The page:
Author Archives: kirksbikeshopweb

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San Diego County bike shop

Folding Bicycle – Can you really fold a bicycle?

A folding bicycle

is a bicycle designed to fold into a compact form, facilitating transport and storage. When folded, the bikes can be more easily carried into buildings and houses or on public transportation (facilitating mixed-mode commuting and bicycle commuting), and more easily stored in compact living quarters or aboard a car, boat or plane.
Folding mechanisms vary, with each offering a distinct combination of folding speed, folding ease, compactness, ride, weight, durability and price. Distinguished by the complexities of their folding mechanism, more demanding structural requirements, greater number of parts, and more specialized market appeal, folding bikes may be more expensive than comparable non-folding models. The choice of model, apart from cost considerations, is a matter of resolving the various practical requirements: a quick easy fold, compact folded size, or a faster but less compact model.[1]

There are also bicycles that provide similar advantages by separating into pieces rather than folding.


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Solotand-T1

Tandem Bike – A bicycle built for two!

A bicycle built for two is also called a Tandem Bike.
From Wikipedia, the free encyclopedia
“Bicycle built for two” redirects here. For the song, see Daisy Bell.

A tandem mountain bike

A tandem loaded for bicycle touringwith front and rear racks and panniers

A large tandem, or more specifically, a quint (for 5 people)

The tandem bicycle or twin is a form of bicycle (occasionally, a tricycle) designed to be ridden by more than one person. The term tandem refers to the seating arrangement (fore to aft, not side by side), not the number of riders. A bike with two riders side by side is called a sociable.


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recumbentsanta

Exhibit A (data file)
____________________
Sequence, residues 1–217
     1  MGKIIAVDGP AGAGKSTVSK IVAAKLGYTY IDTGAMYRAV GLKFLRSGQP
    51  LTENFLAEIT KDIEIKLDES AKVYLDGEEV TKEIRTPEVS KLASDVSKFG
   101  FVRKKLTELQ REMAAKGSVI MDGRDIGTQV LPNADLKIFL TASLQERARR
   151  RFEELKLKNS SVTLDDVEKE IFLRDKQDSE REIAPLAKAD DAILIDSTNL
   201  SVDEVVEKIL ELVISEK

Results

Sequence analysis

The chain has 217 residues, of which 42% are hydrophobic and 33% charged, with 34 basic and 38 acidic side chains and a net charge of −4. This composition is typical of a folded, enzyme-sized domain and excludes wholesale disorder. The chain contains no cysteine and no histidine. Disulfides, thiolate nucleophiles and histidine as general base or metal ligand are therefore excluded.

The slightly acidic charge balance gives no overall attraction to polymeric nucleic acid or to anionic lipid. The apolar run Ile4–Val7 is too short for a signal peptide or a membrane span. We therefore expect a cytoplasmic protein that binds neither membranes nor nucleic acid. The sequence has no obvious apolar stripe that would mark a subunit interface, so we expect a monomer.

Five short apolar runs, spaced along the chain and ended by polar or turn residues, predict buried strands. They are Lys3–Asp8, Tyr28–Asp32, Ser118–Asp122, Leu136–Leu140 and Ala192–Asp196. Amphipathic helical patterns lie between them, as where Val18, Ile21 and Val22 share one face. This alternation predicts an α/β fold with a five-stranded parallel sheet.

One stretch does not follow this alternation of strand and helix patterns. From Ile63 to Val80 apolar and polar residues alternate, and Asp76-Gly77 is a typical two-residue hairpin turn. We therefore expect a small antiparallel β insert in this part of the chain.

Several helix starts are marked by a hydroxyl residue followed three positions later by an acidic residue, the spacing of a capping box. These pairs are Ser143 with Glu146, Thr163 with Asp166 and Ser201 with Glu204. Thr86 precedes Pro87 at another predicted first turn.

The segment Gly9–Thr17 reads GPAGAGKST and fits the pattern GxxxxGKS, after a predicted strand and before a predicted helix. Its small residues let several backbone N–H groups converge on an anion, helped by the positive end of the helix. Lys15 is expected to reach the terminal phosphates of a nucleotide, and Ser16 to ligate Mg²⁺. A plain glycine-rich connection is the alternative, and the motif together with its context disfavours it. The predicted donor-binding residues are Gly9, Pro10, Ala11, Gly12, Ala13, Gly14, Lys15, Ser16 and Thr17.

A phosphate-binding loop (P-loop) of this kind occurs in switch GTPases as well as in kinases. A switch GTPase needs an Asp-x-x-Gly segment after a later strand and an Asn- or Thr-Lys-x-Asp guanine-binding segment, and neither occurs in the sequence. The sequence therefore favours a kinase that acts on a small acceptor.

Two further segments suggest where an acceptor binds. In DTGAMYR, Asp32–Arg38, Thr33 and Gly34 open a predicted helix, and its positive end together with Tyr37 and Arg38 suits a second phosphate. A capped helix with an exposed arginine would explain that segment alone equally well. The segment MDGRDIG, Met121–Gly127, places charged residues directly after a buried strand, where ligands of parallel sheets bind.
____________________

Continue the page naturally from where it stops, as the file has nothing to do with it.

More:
What is a Recumbent Bicycle? Want to test ride a Recumbent Bike?

A recumbent bicycle is a bicycle that places the rider in a laid-back reclining position. Most recumbent riders choose this type of design for ergonomic reasons; the rider’s weight is distributed comfortably over a larger area, supported by back and buttocks. On a traditional upright bicycle, the body weight rests entirely on a small portion of the sitting bones, the feet, and the hands.

Recumbents are available in a wide range of configurations, including: long to short wheelbase; large, small, or a mix of wheel sizes; overseat, underseat, or no-hands steering; and rear wheel or front wheel drive. A variant with three wheels is a recumbent tricycle.

From:  Wikipedia
recumbent bike

About Recumbent Bicycles

Recumbent bicycles are the “odd ball” of the bicycle world. However, because of their unique, more relaxed, riding position and extra comfortable seats, many people find that recumbents can solve a laundry list of aches, pains, and general comfort problems that they have encountered using regular up right bicycles.  Most bike shops want little or nothing to do with recumbents, and it is difficult to find a store that even has any in stock. Here  at Kirk’s, we stock and understand recumbent bicycles. We have been working with them since 1979, when we built and competed in “The Other Woman”, a built from scratch recumbent racing tricycle, complete with a full aerodynamic fairing. In this early example of a modern recumbent tricycle, Kirk, then a 30 year old working husband and father, was able to reach a top flat ground speed of 46.3 mph! This result was good enough for a 6th place finish in the International Human Powered Vehicle Association’s World Championships, against a strong field of other faired recumbent bicycles, many of them piloted by younger, national class and professional cyclists. In addition, Kirk and Trudie have logged over 10,000 miles on club rides, tours, and various cycling events aboard a wide variety of recumbent tandems. At Kirk’s, we truly know and understand recumbent cycling!